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While women and other minorities struggle with the “glass ceiling”, men are reaching the top while riding the “glass escalator”.
In most leadership roles, men in "pink collar" jobs, such as nurses, professors, and academic directors, hold the majority of the positions, why? Well, you’ve heard of the “glass ceiling”, it’s time you heard about the “glass escalator”.
Way back in 1992 - yes, it’s been that long - sociologist Christine Williams looked into men’s underrepresentation in female-dominated industries and the disadvantages they could face in regard to wages, promotions, workplace culture, and interactions with clients. What she found out though, was that they experienced quite the opposite; these men were rising quicker to upper levels of leadership than their female coworkers.
Thus, the term “glass escalator” is coined. The metaphor describes the structural advantages men possess in traditionally female occupations such as nursing and teaching, among others, due to the male need to overcompensate for the gendered segregation and mocking of their masculinity - a little bit too patriarchal system there, right? For example, even though males represent 10% of the nursing workforce as of 2021, you can see that most hospital administrators are men.
Furthermore, it does not bode well for women that more men are moving into “pink collar” fields, as Caren Goldberg, Ph.D., assistant professor of management at American University’s Kogod School of Business, points out in an interview with Forbes Magazine. Even though “having a greater proportion of men does raise salaries,” it doesn’t really mean that the salaries being raised are women’s. Just to state a fact; for every dollar that a male nurse makes, a female nurse earns 95 cents.
This inequality is also due to the typical stereotype that men are better leaders, and don’t have the same “career interruptions” that women face, such as having a child. Because, of course, women are the only ones who have children.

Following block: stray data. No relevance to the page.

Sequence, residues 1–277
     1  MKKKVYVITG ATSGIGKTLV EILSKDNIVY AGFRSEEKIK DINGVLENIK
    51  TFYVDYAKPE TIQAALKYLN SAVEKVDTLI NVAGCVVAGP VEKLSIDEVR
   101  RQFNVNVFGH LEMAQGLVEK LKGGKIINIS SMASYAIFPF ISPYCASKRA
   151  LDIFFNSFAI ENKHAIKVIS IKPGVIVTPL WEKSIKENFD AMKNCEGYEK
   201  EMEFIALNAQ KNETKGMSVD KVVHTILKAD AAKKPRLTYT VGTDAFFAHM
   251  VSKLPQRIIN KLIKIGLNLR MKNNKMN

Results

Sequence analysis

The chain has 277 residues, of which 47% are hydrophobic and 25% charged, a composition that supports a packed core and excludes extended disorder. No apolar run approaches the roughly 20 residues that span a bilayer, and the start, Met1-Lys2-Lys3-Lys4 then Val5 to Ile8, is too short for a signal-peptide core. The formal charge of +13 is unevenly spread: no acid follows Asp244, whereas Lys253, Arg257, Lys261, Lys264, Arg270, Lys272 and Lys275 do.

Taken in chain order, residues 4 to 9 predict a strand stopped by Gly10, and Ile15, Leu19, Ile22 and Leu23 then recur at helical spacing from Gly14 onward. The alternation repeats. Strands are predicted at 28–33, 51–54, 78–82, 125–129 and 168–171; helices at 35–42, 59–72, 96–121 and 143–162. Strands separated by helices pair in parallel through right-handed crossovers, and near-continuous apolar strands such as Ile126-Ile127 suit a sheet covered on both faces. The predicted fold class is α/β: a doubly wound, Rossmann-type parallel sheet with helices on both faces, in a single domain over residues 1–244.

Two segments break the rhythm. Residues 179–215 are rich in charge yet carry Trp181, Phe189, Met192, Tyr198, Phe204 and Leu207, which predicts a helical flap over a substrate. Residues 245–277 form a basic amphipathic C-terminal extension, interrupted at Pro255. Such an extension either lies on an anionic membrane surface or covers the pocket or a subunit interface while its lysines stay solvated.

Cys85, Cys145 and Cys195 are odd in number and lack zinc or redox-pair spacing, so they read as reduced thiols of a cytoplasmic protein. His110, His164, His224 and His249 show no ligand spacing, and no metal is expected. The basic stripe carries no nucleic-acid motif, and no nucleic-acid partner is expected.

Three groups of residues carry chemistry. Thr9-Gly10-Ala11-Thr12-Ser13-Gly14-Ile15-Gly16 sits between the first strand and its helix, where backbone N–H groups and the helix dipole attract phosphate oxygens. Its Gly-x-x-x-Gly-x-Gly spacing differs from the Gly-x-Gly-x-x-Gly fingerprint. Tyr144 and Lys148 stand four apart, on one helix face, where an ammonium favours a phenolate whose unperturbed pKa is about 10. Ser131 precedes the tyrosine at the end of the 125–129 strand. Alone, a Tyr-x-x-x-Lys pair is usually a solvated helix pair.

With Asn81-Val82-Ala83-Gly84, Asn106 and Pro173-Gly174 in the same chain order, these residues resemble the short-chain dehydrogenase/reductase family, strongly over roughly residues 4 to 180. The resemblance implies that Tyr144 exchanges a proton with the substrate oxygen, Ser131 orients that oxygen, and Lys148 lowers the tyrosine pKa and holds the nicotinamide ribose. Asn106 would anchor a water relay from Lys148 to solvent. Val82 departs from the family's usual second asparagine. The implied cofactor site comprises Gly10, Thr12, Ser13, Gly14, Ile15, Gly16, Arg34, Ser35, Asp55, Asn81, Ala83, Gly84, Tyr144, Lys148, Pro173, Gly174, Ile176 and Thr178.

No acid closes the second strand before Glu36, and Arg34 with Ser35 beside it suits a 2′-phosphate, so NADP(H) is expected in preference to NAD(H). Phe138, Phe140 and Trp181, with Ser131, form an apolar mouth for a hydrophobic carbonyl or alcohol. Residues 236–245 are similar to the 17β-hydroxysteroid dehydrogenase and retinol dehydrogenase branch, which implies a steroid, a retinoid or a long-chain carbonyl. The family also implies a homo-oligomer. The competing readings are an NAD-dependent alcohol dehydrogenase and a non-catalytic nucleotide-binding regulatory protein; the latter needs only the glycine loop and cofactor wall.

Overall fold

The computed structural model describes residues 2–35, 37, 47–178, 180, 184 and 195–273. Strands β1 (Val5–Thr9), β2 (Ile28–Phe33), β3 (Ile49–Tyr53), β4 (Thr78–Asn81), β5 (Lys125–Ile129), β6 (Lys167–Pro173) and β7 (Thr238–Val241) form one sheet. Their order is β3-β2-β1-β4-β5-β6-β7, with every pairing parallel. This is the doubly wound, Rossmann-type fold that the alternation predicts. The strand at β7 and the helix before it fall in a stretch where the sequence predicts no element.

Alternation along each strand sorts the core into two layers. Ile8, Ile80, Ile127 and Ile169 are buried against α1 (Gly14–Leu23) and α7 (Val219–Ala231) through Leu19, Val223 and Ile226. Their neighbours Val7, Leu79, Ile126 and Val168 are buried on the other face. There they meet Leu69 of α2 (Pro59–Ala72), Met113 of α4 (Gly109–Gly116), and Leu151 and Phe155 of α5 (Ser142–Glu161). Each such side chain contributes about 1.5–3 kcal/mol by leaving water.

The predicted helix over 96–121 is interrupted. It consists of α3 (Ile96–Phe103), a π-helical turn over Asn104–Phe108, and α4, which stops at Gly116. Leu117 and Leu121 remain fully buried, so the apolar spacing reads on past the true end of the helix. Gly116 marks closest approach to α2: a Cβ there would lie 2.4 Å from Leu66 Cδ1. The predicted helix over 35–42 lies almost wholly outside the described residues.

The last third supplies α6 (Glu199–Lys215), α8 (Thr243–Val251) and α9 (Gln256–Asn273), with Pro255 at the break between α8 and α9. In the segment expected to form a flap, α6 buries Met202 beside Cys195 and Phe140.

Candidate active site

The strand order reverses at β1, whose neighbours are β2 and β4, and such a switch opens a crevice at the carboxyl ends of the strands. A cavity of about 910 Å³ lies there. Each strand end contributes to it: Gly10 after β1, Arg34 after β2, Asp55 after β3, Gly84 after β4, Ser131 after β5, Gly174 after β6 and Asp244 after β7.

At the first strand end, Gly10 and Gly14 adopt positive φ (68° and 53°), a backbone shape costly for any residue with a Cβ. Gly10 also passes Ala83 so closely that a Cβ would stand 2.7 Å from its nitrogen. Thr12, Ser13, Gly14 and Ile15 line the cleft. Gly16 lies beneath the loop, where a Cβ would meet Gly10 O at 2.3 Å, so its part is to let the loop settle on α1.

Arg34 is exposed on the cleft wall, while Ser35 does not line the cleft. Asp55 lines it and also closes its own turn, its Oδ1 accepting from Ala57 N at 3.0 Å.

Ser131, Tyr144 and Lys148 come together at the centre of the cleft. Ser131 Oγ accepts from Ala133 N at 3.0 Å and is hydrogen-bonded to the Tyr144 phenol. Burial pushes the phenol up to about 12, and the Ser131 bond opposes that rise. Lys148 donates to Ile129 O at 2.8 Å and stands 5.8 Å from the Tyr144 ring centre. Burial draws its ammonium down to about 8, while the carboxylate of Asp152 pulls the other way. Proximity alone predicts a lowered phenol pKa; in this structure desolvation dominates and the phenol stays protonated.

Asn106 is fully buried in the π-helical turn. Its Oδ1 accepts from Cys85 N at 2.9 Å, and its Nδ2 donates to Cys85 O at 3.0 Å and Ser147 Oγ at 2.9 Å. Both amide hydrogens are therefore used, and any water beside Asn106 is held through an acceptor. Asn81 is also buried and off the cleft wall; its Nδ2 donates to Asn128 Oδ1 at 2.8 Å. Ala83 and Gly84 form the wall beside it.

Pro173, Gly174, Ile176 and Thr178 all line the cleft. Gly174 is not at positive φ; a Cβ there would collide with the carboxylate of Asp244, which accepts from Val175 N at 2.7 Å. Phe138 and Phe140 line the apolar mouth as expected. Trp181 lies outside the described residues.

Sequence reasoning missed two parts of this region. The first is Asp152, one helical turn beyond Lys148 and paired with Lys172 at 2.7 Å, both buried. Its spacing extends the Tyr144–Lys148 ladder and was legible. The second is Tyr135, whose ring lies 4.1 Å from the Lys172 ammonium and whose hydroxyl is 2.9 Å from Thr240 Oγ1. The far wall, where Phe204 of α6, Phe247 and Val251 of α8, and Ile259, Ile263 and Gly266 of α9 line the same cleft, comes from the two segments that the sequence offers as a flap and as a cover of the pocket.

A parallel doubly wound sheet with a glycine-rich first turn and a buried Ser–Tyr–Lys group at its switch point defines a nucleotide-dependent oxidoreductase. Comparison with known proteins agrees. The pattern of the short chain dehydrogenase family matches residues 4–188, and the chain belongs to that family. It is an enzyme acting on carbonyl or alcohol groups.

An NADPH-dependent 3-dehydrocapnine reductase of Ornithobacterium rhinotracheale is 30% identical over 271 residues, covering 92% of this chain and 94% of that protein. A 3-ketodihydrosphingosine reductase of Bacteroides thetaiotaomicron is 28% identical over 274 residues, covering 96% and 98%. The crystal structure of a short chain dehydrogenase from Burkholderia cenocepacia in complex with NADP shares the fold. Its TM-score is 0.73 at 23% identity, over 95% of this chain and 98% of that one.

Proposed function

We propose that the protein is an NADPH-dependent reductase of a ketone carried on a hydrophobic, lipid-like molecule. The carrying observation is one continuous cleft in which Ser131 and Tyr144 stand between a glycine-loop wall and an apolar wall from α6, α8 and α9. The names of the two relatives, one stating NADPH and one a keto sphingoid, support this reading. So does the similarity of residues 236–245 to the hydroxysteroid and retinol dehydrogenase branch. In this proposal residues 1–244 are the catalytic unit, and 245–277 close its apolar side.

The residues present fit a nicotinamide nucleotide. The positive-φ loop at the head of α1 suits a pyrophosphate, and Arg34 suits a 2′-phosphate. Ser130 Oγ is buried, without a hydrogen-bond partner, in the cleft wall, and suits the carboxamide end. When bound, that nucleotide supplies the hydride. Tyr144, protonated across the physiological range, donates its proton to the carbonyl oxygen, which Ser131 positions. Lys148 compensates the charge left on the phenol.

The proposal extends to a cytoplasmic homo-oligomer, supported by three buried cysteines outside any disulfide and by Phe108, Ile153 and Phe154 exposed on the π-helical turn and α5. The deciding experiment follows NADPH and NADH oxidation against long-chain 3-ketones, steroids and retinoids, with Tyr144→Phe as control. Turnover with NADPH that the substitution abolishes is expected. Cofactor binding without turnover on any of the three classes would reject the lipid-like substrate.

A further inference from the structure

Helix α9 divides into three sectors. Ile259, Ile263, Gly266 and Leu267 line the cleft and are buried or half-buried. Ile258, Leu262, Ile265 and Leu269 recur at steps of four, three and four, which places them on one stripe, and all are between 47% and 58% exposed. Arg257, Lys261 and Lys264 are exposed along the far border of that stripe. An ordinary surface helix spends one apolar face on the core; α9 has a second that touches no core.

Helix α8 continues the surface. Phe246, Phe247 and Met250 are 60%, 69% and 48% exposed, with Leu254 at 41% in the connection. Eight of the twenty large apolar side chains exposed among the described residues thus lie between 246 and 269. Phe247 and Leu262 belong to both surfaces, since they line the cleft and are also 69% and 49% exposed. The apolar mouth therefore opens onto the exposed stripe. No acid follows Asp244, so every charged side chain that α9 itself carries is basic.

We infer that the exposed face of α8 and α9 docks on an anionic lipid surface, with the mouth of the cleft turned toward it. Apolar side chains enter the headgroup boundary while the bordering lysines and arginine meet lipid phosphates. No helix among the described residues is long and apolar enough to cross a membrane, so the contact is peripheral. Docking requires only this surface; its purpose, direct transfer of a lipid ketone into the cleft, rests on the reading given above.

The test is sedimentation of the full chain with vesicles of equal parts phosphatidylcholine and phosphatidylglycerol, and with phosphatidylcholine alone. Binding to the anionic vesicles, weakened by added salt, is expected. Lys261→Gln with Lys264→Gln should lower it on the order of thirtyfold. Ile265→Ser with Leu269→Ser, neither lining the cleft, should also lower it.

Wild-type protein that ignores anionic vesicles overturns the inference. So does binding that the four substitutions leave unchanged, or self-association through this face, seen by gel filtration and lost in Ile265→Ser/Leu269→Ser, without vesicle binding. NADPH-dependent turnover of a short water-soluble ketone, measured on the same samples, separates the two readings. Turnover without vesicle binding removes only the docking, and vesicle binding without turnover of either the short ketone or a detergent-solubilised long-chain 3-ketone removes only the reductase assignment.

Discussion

So, while women are struggling with the glass ceiling that keeps them from rising to senior-level management positions even in female-dominated professions, men are gliding to the top with no other problems than a few ill-tasted jokes about their sexual preferences.
Nonetheless, the perk of the glass escalator isn’t available to all men who do “pink collar work”, men of color don’t get the same club benefits that the other boys do. Studies have found that, even though there are fewer white men in these industries, they are still much more protected than their colleagues of color. Author Adia Harvey Wingfield pointed out it in her paper Racializing the Glass Escalator, where she examines that although the research on this has included men of color, it hasn’t shed much light on how racial dynamics influence the phenomenon.
In a similar fashion, only 9% of nurses are part of the LGBTQ+ community. So, it doesn’t take much more tidbits of information to wonder what women of color, people from the LGBTQ+ community (or both) go through when white men enter fields that are minority-dominated and seem to rise above the ranks quite smoothly and quickly.
In 2013, Williams published another paper explaining why the Glass Escalator needs to be retired. As she claims, conditions such as traditional work spaces, stable employment, and public institutions have changed dramatically in the neoliberal era since she coined the term 20 years ago. Moreover, she recognized that she failed to consider the impact of race, class, and sexuality in determining who rides the glass escalator.
However, the mere acknowledgment is not enough, and very little has been said about the intersection of these factors in the analysis of the glass escalator. Furthermore, it can be noted is that what is usually perceived as progress, is actually a smokescreen for something worse, which would be throwing women and people of color into leadership positions coincidentally at a time when things are going downhill.
To further explain, this phenomenon is also known as the “glass cliff”, which is a metaphor for when a company board chooses a “tokenized” minority leader in the middle of a difficult time for the organization, without giving the support needed for this transition to be successful. This is usually an attempt to be more “inclusive” and “moving with the times”, but it fails to create real equality when the outcome is oftentimes a total fiasco.
Ultimately, the overall “glass phenomenon” should be reflected upon more, where minorities aren’t overlooked in studies of structural inequity or whenever a leadership position is in search of new candidates. The work environment, culture, and social scene have changed throughout the years, so it is only fair that more equal opportunities be put in place for leadership to be in the hands of qualified and prepared people.
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